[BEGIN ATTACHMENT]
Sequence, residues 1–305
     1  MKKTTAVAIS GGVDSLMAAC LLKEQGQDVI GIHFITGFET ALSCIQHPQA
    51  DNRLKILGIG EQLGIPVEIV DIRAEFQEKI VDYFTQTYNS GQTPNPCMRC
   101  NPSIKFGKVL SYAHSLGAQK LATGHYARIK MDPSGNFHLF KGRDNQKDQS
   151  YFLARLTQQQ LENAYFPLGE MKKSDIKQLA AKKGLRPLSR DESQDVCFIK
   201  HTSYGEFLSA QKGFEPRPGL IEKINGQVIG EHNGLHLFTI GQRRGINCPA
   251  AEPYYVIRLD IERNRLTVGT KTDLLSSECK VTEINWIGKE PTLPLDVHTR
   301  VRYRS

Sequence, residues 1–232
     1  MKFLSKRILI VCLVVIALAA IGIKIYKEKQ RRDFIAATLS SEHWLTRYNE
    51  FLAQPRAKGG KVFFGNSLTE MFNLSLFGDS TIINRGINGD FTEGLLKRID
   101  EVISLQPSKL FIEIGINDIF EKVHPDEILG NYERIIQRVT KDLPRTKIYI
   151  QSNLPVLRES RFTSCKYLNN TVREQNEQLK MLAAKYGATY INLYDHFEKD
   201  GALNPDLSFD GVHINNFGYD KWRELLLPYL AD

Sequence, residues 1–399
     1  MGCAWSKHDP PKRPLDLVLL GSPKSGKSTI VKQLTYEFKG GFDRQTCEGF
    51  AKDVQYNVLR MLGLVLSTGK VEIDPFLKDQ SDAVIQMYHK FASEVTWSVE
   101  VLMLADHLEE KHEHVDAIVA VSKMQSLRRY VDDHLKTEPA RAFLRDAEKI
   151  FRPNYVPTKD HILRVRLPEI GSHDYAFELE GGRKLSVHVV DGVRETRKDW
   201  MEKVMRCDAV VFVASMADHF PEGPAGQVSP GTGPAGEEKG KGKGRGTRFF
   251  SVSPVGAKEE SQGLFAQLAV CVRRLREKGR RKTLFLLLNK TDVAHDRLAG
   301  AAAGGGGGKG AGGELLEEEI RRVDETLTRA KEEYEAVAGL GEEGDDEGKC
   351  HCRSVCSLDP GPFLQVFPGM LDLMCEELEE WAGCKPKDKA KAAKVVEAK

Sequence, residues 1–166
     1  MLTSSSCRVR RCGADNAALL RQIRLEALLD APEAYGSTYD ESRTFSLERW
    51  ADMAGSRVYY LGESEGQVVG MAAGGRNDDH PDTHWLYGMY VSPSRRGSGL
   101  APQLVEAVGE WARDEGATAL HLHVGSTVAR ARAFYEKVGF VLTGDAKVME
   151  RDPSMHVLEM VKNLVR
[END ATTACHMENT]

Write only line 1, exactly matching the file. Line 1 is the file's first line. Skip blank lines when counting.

Sequence, residues 1–305